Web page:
‘Pleasure garden’ was the first work by Hodgkins to be acquired for the collection and remains one of the most controversial acquisitions in the Gallery’s history. It was brought to New Zealand, along with several other Hodgkins paintings, by the Canterbury Society of Arts in 1948. The Society wished to secure a Hodgkins for its collection but elected not to acquire any of the works and instead ‘to use the funds more wisely’.
However, a group of Christchurch subscribers did purchase ‘Pleasure garden’, and presented it to the Robert McDougall Art Gallery in 1949. The painting was rejected ‘on its [lack of] merits’. Controversy ensued and, when the work was again offered to Christchurch City Council in July 1951, it was finally taken into the Robert McDougall Art Gallery’s collection.
The renowned New Zealand art historian E.H. McCormick commented that: ‘The Pleasure Garden Incident was perhaps a turning point, in the struggle of New Zealand art to free itself from the bondage of timid prejudice and sterile convention. From 1951, when ‘Pleasure garden’ was finally accepted and hung, a future historian may find it convenient to date New Zealand’s emergence from colonial status in the arts.’
The Pleasure Garden was painted when Frances Hodgkins was taking a summer holiday with friends at Bridgnorth, a town on the river Severn in the North Midlands of England.
Hodgkins presents an Expressionist view that hints at pleasant lunches in the garden. Too avantgarde for the Christchurch City Council of the day, when this work was first offered to the City for the Collection, there was great controversy and it was turned down.
Born in Dunedin, Hodgkins studied at the Dunedin School of Art. In 1901 she left to study at the London Polytechnic. In 1903 she was the first New Zealander to have the honour of being ‘hung on the line’ at the Royal Academy. She was also the first woman on the staff of the Académie Colarossi in Paris between 1908 and 1912. Hodgkins travelled between New Zealand and Europe until 1913 when she settled in England. Throughout her career she exhibited with many art groups and galleries, including the Lefevre Galleries in London.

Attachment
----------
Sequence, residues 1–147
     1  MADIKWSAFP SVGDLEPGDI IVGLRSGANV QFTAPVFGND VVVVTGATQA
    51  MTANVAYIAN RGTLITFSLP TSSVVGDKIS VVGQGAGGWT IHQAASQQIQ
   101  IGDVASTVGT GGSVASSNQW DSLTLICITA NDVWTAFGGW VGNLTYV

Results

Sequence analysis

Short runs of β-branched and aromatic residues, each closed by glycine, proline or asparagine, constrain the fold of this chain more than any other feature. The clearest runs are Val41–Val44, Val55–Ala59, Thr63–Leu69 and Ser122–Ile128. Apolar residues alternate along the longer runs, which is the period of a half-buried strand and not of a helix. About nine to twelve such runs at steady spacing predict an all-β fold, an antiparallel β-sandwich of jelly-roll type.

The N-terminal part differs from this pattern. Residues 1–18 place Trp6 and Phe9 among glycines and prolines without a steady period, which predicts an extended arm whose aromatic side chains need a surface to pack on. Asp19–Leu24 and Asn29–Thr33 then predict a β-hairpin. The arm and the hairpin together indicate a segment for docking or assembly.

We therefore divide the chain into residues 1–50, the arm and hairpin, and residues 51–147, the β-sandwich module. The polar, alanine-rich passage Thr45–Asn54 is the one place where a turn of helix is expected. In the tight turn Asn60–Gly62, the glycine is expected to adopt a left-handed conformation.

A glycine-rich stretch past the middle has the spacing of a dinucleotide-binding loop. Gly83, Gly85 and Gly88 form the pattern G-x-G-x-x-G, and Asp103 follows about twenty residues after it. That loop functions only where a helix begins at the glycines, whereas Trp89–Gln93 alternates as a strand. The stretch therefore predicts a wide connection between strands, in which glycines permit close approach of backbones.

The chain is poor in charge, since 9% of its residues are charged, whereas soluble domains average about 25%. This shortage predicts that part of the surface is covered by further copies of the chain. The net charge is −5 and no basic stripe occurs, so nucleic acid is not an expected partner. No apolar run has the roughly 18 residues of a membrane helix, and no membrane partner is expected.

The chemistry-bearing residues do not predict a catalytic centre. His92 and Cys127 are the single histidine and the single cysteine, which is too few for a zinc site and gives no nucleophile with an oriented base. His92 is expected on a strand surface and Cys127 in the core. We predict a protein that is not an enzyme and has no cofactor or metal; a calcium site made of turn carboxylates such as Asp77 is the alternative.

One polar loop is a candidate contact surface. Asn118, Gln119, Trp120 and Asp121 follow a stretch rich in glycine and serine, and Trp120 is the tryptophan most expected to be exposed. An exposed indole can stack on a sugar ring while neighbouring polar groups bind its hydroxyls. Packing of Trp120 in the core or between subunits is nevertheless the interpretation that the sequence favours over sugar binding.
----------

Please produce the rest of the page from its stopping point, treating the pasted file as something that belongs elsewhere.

(Opening Gallery hang, 2003)
The Pleasure Garden was painted in the summer of 1933 while Frances Hodgkins was on holiday at Bridgenorth, a town on the river Seven in the North Midland of England. It is an evocative, expressionist presentation of the artist's experiences at Bridgenorth and hints at the lunches, flowers, the amusement park and the boating.
In 1948 the Canterbury Society of Arts asked the British Council to select and send to New Zealand a number of works by the recently deceased Frances Hodgkins who had gained an international reputation as an important modern artist. They also set aside a sum of money to purchase one of the works. The Pleasure Garden arrived with this group of paintings but the CSA council, unfamiliar with the recent developments in contemporary art, voted not to purchase any of the works offered.
A group of Christchurch people then banded together and raised the funds to buy The Pleasure Garden, and offered it to the Christchurch City Council for the Gallery's collection. But again it was declined. They refused to accept the gift as worthy to hang in the gallery. A major controversy then errupted.
It was not until years later, in 1951, that a change in the City Council meant that the acquisition was reconsidered . This time a new arts advisory committee had been formed and, after another lengthy debate, the City Council finally endorsed the committee's recommendation to accept the gift of The Pleasure Garden into the Gallery's collection.
(Unknown, before 2002)